Today’s generation of teens will be more prepared for the future work environment than the generations before them because of the accelerating gig economy. Generation Z, which are those born between 1996 and 2010, strive to solve problems instantly and are maturing in a stranger-trusting community that utilizes daily on-demand services for food delivery like Favor, transportation solutions like Uber, and instant current event influence with news sent directly to their smart phones. Similar to generations before them, Gen Z will idolize job opportunities that fit their schedules, are convenient and will maximize their skill set. But how does that affect their current and future career landscape?
Today’s teens face a trending decline in traditional summer jobs including lawn care help, food service attendant, and store cashier, to name a few. Due to the recessions we have faced, and the plethora of more qualified adults who infiltrated the market, the teen demographic has been shut out of their go-to work environments. Companies are no longer reliant on teens to fill summer openings and after school hour schedules.
Since 2000, employment for teens between the ages of 16-24 has dropped 35% and with minimum wage soaring to upwards of $15.00 per hour, today’s teen is even farther away from the work opportunities and lessons that Generation X knew so well. So, what can teens do to gain work experiences for the future, earn money and learn equally important intangible skills like communication, decision making, and interpersonal skills? It turns out, some experts say, “It’s simple: do nothing. Stop looking.”
In her MBA course work, Diane Mulcahy, Adjunct Professor at Babson College, advises her graduate students to stop looking for a job. She explains, “That jobs aren’t what they used to be and that growth in the number of jobs is stagnating and full-time jobs are both insecure and risky.” According to Mulcahy, “Most companies no longer make promises of either professional or financial security of today’s workplace.” In short, more and more graduates are adapting their career expectations and shifting them to fit gig economy opportunities.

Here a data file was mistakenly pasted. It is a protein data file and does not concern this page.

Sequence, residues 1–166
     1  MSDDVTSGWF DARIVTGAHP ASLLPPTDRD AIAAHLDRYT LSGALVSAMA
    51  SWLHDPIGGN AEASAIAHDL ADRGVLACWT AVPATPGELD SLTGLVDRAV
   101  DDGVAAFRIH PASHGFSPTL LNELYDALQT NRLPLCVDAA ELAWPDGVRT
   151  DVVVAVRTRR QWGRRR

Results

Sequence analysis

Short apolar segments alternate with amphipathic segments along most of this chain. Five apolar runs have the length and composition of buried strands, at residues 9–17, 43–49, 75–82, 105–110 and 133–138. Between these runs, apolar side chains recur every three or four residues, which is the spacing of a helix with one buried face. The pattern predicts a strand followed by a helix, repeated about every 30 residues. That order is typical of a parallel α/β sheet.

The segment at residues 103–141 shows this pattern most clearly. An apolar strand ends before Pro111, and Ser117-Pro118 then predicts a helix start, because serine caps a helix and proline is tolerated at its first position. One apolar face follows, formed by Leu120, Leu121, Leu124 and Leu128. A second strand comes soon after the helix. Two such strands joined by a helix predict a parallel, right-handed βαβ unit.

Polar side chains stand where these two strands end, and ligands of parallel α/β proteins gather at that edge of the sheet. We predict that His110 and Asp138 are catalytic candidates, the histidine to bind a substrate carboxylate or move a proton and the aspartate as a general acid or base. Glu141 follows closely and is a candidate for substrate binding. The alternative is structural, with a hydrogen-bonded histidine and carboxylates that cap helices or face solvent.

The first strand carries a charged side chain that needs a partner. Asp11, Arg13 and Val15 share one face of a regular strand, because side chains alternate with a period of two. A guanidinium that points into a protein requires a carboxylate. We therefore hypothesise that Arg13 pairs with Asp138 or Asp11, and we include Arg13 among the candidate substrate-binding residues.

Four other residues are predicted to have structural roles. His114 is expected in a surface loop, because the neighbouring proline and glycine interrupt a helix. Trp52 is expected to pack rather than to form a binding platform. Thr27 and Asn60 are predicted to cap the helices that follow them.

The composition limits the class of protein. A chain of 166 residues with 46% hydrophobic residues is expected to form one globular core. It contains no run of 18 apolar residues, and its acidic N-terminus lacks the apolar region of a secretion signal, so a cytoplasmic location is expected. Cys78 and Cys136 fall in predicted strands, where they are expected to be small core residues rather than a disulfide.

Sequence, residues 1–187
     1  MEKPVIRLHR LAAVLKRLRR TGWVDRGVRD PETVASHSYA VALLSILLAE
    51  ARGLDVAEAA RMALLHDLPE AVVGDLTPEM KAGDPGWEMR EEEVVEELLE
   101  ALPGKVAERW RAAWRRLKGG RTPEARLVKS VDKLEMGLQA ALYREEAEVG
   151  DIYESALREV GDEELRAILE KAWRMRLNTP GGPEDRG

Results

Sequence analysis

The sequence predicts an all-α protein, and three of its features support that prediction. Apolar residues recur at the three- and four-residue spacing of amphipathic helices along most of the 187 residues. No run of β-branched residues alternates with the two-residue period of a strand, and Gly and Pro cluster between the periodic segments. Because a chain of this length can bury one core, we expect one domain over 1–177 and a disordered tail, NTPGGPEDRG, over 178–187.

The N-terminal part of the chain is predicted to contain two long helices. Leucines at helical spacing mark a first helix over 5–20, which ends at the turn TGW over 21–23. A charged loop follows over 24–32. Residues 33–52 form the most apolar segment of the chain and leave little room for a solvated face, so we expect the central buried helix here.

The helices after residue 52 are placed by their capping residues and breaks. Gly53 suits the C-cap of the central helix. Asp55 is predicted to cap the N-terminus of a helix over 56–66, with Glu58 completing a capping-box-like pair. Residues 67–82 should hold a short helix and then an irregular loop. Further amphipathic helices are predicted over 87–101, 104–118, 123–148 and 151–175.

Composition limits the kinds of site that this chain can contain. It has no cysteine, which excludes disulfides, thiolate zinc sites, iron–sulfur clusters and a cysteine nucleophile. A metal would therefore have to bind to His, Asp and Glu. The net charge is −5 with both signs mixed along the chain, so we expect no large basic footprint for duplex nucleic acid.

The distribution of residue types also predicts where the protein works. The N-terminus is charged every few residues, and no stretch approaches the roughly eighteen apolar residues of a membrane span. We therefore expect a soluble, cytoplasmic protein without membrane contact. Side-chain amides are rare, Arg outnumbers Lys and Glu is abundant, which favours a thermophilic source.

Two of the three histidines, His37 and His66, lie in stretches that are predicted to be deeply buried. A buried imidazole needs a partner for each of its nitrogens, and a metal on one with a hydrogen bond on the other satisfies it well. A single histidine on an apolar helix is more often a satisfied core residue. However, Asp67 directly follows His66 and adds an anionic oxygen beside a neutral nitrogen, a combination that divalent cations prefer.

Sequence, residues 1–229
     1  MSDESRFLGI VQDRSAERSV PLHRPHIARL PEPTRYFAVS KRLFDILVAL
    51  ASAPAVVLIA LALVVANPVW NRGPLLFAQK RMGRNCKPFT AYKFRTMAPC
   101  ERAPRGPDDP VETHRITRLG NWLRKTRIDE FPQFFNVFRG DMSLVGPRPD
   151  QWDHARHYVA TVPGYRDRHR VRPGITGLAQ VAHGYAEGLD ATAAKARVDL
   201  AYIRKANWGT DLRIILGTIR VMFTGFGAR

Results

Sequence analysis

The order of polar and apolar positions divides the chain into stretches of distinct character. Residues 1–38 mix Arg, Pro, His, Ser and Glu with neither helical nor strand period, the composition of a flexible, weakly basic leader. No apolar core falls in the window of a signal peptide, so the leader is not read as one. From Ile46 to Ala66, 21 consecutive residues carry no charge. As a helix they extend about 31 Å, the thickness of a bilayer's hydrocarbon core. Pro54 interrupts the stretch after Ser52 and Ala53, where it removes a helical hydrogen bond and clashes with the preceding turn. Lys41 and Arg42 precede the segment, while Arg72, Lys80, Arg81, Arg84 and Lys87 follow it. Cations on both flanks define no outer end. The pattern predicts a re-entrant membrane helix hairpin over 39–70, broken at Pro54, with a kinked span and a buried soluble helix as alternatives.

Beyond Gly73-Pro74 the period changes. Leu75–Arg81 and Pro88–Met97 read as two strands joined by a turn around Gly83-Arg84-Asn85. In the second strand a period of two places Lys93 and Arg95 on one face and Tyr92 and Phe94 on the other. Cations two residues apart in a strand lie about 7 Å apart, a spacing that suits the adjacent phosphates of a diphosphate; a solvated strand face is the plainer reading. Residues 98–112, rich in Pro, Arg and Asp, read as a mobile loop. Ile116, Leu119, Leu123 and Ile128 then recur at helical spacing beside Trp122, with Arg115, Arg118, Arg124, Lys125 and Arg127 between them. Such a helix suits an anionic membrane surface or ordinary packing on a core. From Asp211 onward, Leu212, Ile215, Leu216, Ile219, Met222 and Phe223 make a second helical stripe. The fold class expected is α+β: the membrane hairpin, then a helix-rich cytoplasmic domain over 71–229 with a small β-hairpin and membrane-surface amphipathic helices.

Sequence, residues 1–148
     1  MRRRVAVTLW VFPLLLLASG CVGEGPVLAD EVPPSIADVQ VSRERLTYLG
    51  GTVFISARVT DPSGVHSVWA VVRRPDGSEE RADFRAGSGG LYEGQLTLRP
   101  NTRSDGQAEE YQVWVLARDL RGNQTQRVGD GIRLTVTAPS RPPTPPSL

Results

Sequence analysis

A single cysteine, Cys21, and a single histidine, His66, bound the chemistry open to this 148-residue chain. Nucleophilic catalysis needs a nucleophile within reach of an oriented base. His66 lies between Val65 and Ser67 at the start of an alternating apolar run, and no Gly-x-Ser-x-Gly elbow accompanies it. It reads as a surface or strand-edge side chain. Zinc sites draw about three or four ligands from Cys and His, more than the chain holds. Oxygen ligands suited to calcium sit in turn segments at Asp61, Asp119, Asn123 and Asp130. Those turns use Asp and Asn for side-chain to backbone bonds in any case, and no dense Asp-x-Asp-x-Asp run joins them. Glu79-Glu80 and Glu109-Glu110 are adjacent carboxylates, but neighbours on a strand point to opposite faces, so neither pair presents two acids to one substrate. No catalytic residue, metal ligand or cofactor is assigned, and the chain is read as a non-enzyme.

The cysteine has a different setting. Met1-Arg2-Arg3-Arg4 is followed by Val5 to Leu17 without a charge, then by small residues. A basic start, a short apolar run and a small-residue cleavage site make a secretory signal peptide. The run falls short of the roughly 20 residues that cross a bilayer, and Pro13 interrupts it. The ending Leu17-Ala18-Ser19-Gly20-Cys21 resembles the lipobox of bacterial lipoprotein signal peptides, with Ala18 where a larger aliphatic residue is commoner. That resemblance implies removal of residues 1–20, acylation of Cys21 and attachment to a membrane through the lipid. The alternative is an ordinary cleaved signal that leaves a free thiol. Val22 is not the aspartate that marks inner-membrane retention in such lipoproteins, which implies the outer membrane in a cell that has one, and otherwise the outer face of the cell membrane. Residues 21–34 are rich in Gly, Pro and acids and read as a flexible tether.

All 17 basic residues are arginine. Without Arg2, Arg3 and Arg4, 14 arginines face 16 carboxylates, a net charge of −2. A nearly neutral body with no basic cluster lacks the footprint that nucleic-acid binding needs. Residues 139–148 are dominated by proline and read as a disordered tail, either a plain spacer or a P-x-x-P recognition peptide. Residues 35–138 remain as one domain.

Gig opportunities are changing the face of our economy. We navigate life with the swipe of a finger. We solve for transportation needs, entertainment, residence and employment with our smart mobile devices. The future of the job market lies in the gig economy, and GenZ already has the upper hand.
73 percent of all teenagers, regardless of socio-economic status, have access to a smartphone. They spend well over 200 minutes on their devices per day and use devices for learning in school. The gig economy is already an integral part of the teen’s daily decision set. And giving teens a chance to participate in an economy that values their skill set will prepare them for navigating work opportunities in the 21st century. They will grow up understanding that their specialized skill sets, confidence and strong, innate entrepreneurial skills can yield opportunity in an on-demand world.
With services that help teens find work like, SnagAJob, HireTeen, SimplyHired, and Skratch, there are a few platforms working to bring opportunity to teens with the flexibility they so desperately need to face the demands of packed schedules and overwhelming extracurricular activities. It is estimated that by 2025 40% of working adults will be working this way. Shouldn’t teens have a chance to participate? We think so.
As the gig economy continues to influence the current economy and the work force, many job seekers must yield to the different qualifications and expectations the gig economy demands. As generations continue to grow up in the gig economy, an environment that fosters the entrepreneurial spirit, the innovations that arise will be world-changing.
Scott Bennett is the Founder and CEO of Skratch. A mobile-app that has digitized the gig economy and connects teens “Skratchers” with a way to earn money by completing everyday tasks in their area. Skratch believes in the power of teens and understands the importance of investing in teens prior to college experiences. Scott believes that along with a few bucks, early entrance into the gig economy will create a strong foundation of ambition, responsibility, and self-reliance.